Nowadays, Tawada gives interviews in which she switches from English to German to Japanese with ease. She frequently writes in German as well as Japanese and sometimes translates her own work. She collaborates with translators like Susan Bernofsky and has published a trilingual book with Chantal Wright, an autofictional verse novella called Portrait of a Tongue. She has studied the works of Jorge Luis Borges, Walter Benjamin, and Franz Kafka, and resembles them in the way she draws on other cultures and languages to give shape to her ideas. In an essay titled “Überseezungen,” she explains: “I was born into Japanese the way one is thrown into a sack. That is why this language became for me my exterior skin. The German language, on the other hand, I swallowed whole and it has been sitting in my stomach ever since.” In an interview given to Monika Totten in 1999 (as recently recalled by Anna Zielinska-Elliott) she also said: “I think it’s an illusion to think the mother-tongue to be authentic. The mother-tongue is a translation from non-verbal or pre-verbal thoughts, too. . . . Foreign languages draw our attention to the fact that language per se, even one’s mother-tongue, is a translation.” 

Tawada inhabits many tongues with ease and playfulness, although not without anxiety. Her work often shows concerns about the state of the Japanese language in a world where everything seems to be rapidly shifting toward English. In Scattered All Over the Earth, Hiruko seeks reminiscences of her mother tongue, and in The Emissary, the 2014 novel that won her the National Book Award for Translated Literature, characters actively escape it. The Emissary is set in a postcatastrophic Tokyo, after Japan undergoes a major chemical disaster and closes its borders to the outside world. With an increase in child mortality, Japan’s elders rule the country and impose an all-encompassing form of protectionism—nothing comes in, no one goes out. Japanese purity is mandatory in the novel’s world, as those who have put themselves in charge of maintaining culture strive for something close to kotodama: “Singing songs in foreign languages in public places for over forty seconds was strictly prohibited. Nor could novels translated from foreign languages be published.”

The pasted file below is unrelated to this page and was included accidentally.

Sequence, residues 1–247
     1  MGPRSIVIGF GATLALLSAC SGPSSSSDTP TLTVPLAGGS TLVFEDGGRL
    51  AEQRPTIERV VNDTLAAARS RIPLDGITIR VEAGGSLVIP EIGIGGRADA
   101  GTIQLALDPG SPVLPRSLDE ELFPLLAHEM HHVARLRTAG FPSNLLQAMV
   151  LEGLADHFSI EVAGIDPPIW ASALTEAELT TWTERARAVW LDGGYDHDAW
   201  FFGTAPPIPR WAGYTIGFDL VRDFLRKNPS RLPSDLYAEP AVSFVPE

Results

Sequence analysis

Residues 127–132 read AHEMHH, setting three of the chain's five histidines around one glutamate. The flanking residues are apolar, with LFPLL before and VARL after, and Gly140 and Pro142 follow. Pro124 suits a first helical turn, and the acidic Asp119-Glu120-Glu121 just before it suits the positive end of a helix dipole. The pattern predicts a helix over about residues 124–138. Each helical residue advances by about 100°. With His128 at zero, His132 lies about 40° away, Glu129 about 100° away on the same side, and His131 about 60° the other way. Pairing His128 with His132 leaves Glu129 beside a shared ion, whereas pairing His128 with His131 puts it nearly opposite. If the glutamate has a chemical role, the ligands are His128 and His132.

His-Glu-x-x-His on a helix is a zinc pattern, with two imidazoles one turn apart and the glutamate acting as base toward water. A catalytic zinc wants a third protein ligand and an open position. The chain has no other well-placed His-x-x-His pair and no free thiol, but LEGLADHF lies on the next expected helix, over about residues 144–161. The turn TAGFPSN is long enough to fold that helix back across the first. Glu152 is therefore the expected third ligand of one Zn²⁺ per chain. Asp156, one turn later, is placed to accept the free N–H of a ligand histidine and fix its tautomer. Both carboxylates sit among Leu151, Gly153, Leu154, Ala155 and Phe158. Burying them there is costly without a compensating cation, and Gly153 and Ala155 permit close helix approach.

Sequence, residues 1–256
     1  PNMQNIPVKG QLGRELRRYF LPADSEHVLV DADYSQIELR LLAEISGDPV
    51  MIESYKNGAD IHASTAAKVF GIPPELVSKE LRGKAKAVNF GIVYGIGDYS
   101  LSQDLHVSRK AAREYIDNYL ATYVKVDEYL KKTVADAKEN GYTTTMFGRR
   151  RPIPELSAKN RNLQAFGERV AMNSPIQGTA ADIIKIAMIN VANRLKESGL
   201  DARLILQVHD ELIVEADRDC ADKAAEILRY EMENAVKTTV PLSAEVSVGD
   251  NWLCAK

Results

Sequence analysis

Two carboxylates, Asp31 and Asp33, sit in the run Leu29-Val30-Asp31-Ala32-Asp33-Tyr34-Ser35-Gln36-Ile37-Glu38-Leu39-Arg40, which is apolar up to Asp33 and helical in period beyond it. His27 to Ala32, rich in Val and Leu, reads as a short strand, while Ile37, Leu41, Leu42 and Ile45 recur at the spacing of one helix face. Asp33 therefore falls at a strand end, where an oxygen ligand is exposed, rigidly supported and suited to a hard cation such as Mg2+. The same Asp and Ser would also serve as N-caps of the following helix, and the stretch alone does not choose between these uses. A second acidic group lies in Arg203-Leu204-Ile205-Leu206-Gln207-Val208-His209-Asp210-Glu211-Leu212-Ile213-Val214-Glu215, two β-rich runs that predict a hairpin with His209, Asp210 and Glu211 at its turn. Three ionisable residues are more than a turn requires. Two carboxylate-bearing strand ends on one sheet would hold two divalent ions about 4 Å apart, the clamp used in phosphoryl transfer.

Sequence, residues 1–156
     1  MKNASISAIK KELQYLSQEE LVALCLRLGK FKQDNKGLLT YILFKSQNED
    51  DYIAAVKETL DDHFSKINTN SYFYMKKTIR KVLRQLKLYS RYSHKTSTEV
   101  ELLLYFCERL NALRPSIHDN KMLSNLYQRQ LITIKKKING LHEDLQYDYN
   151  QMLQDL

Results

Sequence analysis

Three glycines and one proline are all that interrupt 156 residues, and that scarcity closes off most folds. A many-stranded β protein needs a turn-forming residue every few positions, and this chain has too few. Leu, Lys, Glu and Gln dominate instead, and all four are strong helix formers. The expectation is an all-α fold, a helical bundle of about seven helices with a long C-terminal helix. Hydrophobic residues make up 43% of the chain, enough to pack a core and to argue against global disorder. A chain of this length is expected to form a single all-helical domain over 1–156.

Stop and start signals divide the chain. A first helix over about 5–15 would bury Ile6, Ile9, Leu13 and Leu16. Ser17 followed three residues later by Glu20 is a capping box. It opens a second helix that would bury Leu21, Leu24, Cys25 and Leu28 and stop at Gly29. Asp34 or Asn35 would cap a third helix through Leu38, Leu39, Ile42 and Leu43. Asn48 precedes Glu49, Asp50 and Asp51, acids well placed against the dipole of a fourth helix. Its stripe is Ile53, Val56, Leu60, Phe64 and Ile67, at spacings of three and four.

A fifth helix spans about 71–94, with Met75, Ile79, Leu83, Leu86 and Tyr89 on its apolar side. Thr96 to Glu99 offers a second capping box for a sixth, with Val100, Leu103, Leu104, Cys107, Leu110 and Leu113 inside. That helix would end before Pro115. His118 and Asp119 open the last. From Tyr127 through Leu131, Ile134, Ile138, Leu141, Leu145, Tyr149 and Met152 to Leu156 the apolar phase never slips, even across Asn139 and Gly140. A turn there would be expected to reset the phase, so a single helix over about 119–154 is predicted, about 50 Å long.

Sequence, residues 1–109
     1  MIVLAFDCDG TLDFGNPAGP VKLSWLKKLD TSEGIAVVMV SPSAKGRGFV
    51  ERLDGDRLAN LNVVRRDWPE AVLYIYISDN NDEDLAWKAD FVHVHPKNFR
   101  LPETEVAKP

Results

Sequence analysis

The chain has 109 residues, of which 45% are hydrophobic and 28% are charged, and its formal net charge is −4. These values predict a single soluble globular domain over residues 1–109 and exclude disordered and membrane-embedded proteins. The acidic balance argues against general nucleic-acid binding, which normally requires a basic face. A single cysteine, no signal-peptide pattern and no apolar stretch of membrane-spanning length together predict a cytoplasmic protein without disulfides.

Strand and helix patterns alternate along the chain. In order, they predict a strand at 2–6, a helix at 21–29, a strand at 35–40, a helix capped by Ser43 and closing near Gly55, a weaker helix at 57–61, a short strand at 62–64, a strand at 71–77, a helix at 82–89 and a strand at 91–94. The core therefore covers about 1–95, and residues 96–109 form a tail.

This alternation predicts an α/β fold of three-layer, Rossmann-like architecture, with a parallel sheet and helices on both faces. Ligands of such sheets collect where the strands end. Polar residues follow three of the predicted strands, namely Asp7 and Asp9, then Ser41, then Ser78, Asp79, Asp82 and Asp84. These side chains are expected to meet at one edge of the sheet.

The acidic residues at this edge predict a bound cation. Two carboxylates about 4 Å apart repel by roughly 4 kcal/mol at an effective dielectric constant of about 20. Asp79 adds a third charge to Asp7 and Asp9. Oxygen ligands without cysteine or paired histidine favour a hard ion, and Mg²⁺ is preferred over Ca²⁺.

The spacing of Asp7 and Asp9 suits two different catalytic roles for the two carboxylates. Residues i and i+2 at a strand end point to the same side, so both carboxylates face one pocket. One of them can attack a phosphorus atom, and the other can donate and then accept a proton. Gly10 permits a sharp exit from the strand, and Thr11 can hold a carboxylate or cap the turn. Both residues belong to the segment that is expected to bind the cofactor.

Tawada’s satirical tone and flirtation with sci-fi are intensely original, but these questions of assimilation vis-à-vis tradition are not completely out of line with current conversations in Japanese literature. Minae Mizumura, a writer from roughly the same generation as Tawada, has dealt with these concerns in her work as a scholar and novelist—shifting frequently from Japanese to French to English. In 2008, Mizumura published The Fall of Language in the Age of English, a book-length essay on her experiences as a writer and on the historical, political, and linguistic entanglements that she sees in the writers and speakers of Japanese. Mizumura draws from past scholarship to explain that the Japanese language is itself an invention, created in the nineteenth century during the rule of Emperor Meiji—the consequences of this period are still impacting how Japanese is spoken in the present day.